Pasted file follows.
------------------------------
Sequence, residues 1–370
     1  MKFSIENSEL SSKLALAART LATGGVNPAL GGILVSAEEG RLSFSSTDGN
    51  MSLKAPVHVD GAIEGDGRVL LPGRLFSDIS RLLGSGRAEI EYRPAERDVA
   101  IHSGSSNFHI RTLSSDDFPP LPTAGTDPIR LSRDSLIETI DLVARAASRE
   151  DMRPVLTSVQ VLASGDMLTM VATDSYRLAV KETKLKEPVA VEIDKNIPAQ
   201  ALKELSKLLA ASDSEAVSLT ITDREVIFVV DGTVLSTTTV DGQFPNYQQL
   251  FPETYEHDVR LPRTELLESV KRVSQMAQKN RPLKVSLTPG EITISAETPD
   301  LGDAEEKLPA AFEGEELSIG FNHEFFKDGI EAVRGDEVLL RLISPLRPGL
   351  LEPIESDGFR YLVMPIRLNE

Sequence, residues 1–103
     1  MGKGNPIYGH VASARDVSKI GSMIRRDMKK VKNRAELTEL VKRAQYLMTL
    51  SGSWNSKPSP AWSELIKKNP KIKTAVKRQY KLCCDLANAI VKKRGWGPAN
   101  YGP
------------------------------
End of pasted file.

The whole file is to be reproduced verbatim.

Sequence, residues 1–370
     1  MKFSIENSEL SSKLALAART LATGGVNPAL GGILVSAEEG RLSFSSTDGN
    51  MSLKAPVHVD GAIEGDGRVL LPGRLFSDIS RLLGSGRAEI EYRPAERDVA
   101  IHSGSSNFHI RTLSSDDFPP LPTAGTDPIR LSRDSLIETI DLVARAASRE
   151  DMRPVLTSVQ VLASGDMLTM VATDSYRLAV KETKLKEPVA VEIDKNIPAQ
   201  ALKELSKLLA ASDSEAVSLT ITDREVIFVV DGTVLSTTTV DGQFPNYQQL
   251  FPETYEHDVR LPRTELLESV KRVSQMAQKN RPLKVSLTPG EITISAETPD
   301  LGDAEEKLPA AFEGEELSIG FNHEFFKDGI EAVRGDEVLL RLISPLRPGL
   351  LEPIESDGFR YLVMPIRLNE

Sequence, residues 1–103
     1  MGKGNPIYGH VASARDVSKI GSMIRRDMKK VKNRAELTEL VKRAQYLMTL
    51  SGSWNSKPSP AWSELIKKNP KIKTAVKRQY KLCCDLANAI VKKRGWGPAN
   101  YGP